|— Comune —|
|Comune di Licodia Eubea|
|• Mayor||Giovanni Verga|
|• Total||111 km2 (43 sq mi)|
|Elevation||688 m (2,257 ft)|
|Population (March 2009)|
|• Density||28/km2 ( 74/sq mi)|
|Time zone||CET (UTC+1)|
|• Summer (DST)||CEST (UTC+2)|
|Patron saint||St. Margaret|
|Saint day||July 20|
Licodia Eubea (Sicilian: Licuddìa) is a town and comune in the province of Catania, on the island of Sicily. It is bounded by the comuni of Caltagirone, Chiaramonte Gulfi, Giarratana, Grammichele, Mazzarrone, Mineo, Monterosso Almo and Vizzini. It rises over an internal hilly area, 630 meters above the sea-level.
Situated above a hill overlooking the valley of the Dirillo river, Licodia Eubea boasts a rich production of olives, almonds, citrus fruits, and excellent table grapes, that can be tasted during the annual Sagra dell'Uva (Grapes' festival) held in the month of September. Cattle breeding, as well as horse, sheep, and goat farms, are flourishing, not to mention the production of absolutely delicious typical Sicilian cheeses.
Beautiful to visit are the Chiesa Madre dedicated to S. Margherita, erected during the 17th century, preserving the emblem of the Santapau family on its front portal, the Chiesa del Rosario of the 18th century, and the Palazzo Municipale (Town Hall building).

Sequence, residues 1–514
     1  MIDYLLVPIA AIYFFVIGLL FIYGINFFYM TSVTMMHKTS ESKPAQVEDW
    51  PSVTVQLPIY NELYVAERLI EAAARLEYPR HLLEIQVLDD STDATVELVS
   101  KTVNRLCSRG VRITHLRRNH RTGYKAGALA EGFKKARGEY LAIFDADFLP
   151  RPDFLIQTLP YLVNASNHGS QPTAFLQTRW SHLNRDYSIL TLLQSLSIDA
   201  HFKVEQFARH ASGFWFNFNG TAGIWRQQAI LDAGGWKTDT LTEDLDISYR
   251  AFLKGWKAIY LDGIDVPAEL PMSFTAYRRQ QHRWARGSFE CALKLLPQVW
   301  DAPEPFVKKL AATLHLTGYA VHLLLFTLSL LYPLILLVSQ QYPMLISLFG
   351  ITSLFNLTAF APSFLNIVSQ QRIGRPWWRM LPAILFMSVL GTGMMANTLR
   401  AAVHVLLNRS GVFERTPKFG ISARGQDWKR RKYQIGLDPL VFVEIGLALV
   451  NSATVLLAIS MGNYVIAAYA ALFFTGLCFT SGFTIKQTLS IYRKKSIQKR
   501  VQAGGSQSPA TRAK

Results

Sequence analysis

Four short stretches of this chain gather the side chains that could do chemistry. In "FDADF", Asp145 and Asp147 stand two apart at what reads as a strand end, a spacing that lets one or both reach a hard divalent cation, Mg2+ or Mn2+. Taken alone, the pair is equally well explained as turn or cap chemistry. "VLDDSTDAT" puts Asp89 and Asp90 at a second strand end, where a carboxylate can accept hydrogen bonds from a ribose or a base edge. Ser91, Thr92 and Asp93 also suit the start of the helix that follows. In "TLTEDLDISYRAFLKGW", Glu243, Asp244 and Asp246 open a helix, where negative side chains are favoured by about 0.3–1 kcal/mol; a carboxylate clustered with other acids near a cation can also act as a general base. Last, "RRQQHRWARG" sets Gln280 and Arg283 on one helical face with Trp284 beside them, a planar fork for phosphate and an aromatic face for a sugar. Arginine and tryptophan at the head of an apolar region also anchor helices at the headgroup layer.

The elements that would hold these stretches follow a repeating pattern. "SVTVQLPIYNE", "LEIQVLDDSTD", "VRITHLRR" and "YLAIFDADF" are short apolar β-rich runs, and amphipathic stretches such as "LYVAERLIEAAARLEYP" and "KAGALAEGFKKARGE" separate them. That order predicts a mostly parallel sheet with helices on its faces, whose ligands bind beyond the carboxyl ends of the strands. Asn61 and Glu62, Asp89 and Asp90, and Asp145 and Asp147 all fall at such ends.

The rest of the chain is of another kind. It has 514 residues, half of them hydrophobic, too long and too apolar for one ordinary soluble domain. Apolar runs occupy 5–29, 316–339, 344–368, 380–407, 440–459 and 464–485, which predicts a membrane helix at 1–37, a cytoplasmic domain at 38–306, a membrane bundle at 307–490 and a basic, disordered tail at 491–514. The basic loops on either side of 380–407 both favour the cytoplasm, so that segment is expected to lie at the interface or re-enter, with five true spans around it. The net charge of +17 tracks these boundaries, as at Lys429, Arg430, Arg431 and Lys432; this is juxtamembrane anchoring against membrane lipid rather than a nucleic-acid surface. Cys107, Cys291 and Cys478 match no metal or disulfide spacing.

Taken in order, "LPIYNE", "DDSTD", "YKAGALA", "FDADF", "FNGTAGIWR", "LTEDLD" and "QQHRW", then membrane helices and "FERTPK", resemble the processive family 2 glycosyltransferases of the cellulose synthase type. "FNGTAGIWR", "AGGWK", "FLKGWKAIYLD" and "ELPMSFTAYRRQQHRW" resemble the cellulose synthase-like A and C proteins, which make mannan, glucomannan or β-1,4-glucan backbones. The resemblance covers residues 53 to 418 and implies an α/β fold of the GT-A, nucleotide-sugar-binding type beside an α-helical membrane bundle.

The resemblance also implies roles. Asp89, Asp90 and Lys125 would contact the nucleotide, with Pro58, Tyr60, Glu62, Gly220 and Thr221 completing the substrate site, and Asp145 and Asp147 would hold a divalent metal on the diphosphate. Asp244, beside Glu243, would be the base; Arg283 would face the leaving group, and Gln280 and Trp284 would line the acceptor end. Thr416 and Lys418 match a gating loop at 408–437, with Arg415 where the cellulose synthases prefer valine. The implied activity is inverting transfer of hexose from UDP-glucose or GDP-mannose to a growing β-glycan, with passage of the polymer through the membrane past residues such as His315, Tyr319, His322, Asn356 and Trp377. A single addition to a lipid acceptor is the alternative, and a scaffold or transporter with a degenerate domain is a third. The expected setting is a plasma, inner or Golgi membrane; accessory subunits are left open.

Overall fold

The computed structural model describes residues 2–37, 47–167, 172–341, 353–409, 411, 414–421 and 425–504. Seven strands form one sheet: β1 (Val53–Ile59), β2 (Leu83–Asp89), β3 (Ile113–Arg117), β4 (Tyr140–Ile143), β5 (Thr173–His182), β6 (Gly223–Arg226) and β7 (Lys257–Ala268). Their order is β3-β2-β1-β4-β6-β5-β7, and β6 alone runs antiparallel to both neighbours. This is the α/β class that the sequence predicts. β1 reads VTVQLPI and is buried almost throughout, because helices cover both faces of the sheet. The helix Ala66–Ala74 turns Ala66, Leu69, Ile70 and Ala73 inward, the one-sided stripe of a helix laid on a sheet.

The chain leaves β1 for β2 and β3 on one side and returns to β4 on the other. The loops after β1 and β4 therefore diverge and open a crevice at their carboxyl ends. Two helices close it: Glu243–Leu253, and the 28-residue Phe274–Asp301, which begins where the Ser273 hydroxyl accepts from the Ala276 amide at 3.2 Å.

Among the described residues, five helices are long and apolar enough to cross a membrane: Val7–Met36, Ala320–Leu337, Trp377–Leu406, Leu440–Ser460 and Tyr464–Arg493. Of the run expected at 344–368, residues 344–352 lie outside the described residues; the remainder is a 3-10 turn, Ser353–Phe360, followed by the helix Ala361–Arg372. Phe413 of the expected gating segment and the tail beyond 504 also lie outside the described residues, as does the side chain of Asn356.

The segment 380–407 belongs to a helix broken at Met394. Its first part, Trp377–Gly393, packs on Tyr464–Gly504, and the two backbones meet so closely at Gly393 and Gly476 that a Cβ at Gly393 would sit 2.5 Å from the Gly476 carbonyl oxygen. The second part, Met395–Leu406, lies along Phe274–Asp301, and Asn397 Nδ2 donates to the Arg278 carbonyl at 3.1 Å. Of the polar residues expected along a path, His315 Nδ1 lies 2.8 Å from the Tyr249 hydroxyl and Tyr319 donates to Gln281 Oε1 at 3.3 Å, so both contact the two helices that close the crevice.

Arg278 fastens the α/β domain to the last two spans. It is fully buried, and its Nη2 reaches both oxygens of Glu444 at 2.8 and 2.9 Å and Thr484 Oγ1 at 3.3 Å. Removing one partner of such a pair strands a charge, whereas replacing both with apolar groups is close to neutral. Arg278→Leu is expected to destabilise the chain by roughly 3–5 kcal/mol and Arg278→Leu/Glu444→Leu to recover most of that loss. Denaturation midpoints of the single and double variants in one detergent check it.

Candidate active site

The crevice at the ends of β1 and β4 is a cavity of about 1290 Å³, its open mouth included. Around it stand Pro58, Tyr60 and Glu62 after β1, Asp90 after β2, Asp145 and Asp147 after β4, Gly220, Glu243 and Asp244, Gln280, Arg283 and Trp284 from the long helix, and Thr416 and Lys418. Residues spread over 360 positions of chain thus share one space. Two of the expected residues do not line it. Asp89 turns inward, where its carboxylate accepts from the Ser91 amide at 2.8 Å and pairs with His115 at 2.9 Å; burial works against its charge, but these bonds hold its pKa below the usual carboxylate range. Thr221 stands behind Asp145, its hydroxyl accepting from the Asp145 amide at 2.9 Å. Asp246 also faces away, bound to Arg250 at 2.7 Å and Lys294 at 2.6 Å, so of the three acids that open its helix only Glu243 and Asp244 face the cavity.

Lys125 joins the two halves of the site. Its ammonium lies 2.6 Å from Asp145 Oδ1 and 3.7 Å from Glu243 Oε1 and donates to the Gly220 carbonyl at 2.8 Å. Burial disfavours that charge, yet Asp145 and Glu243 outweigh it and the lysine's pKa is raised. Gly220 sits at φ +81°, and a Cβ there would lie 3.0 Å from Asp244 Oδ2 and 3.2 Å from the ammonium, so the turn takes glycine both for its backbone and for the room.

The name Licodia derives from the Greek word 'Licos' meaning wolf, which is why its Coat-of-Arms has a picture of a wolf. The suburb belonged to lord Riccardo Filangieri, and was afterwards bestowed to nobleman Manfredi Aragona.
The name Eubea was given to the place in 1872, to identify with the Greek city of Eubea, the colony of Leontini, founded early in the 6th century BC on the same site of an unknown Sicel settlement. Vases of the First Period were found and all the tombs explored in 1898 belonged to the Fourth Period (700-500 BCE), and show the gradual process of Hellenization among the Sicels.
In 1392, the ancient castle was bestowed to the Santapau family, that gave it its name and owned it until the 16th century, when it passed under the dominion of lord Vincenzo Ruffo. In 1693, the town was devastated by the earthquake, and experienced a slow reconstruction.
Twin towns 
- Official website (Italian) This article incorporates text from a publication now in the public domain: Chisholm, Hugh, ed. (1911). Encyclopædia Britannica (11th ed.). Cambridge University Press.